DXA Bone Scan
Every day, physicians use radiography, or X-rays, to view and evaluate bone fractures and other injuries of the musculoskeletal system. However, a plain X-ray test is not the best way to assess bone density. To detect osteoporosis accurately, doctors use an enhanced, low radiation form of X-ray technology called dual-energy X-ray absorptiometry (DXA, pronounced DEXA). DXA bone densitometry is today’s established standard for measuring bone mineral density (BMD). DXA is a quick, painless procedure for measuring bone loss and is the most often used method to diagnose osteoporosis. The DXA test can also assess your risk for developing fractures. If your bone density is found to be low, you and your physician can work together on a treatment plan to help prevent fractures before they occur. DXA is also effective in tracking the effects of treatment for osteoporosis or for other conditions that cause bone loss.
What is Osteoporosis?
Osteoporosis involves a gradual weakening of bone mass, causing the bones to become thinner, more fragile, and more likely to break. The hip, spine, and wrist become especially susceptible to fractures, but any bone can be affected. Osteoporosis is often called a “silent disease” because bone loss occurs without symptoms. People may not know that they have osteoporosis until their bones become so weak that a sudden strain, bump, or fall causes a fracture or a vertebra to collapse.
Risk factors include:
- Personal history of fracture after age 50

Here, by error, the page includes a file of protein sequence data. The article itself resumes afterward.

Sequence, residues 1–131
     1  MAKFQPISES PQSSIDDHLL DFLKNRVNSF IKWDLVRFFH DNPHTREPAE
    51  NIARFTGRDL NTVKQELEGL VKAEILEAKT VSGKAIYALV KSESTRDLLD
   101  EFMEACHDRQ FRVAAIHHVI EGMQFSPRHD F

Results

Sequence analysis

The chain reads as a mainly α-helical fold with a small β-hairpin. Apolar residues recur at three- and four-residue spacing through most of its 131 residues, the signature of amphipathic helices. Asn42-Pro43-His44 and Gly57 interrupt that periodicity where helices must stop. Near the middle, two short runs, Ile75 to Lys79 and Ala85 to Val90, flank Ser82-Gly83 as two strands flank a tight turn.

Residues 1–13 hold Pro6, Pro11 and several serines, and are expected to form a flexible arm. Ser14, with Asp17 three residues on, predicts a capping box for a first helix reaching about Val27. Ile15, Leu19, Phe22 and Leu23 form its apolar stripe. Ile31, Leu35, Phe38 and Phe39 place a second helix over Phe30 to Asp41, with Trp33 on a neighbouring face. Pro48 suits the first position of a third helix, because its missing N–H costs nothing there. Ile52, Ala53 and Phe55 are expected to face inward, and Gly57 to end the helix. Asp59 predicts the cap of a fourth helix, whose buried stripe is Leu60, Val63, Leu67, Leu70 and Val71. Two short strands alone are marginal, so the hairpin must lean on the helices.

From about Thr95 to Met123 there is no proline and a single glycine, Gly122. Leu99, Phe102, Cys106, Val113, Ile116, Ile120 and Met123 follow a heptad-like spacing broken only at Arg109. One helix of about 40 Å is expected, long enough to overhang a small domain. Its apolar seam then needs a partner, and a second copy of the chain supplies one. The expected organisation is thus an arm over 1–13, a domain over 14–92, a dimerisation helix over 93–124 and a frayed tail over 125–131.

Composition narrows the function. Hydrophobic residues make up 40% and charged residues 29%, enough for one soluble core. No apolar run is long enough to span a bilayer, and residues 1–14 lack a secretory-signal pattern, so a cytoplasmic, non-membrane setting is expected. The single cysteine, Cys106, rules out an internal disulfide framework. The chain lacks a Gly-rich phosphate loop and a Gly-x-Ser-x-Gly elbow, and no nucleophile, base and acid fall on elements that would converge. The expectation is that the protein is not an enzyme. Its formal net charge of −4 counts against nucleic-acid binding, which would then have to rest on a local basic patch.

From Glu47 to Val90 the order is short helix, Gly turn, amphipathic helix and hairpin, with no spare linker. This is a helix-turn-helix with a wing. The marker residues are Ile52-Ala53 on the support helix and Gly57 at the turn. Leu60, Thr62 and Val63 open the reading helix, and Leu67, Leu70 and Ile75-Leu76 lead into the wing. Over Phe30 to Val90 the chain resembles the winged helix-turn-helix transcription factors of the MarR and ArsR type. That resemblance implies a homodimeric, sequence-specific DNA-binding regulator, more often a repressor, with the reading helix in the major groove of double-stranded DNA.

- History of fracture in a close relative
- Being thin and/or having a small frame
- Advanced age
- A family history of osteoporosis
- Estrogen deficiency as a result of menopause, especially before 45 years in age
- Abnormal absence of menstrual periods (amenorrhea)
- Anorexia nervosa
- Low lifetime calcium intake
- Vitamin D deficiency
- Use of certain medications (corticosteroids, chemotherapy, anticonvulsants, and others)
- Low testosterone levels in men
- Current cigarette smoking
- Excessive use of alcohol
Osteoporosis can be effectively treated!
Treatment is tailored to your individual needs, and may include medications or hormone replacement therapies that are known to effectively treat the disease.
Knowing your bone density is important and will help you take better care of yourself, prevent injuries, and avoid the suffering caused by osteoporosis.
How to learn your bone density
Schedule a DXA screen:
- Discuss your risk factors with your primary care provider. He or she will recommend a bone density screening if it is appropriate to your needs, and will provide you with a referral
- Screening is recommended for all women over age 65
- A DXA screening is simple and quick, and takes only about 15 minutes while lying on a cushioned table
- To schedule your DXA screening, have your referral from your primary physician ready and call Pacific Medical Centers at 1.888.4PACMED
- Make sure that you have not had any gastroenterology or nuclear medicine testing done two weeks prior to your DXA appointment date. Also, remember not to take any calcium supplements on the day of your DXA screen
How to prepare for a bone density scan
Watch our video below and learn how to prepare for your DXA scan.
Pacific Medical Centers is an ISCD accredited facility.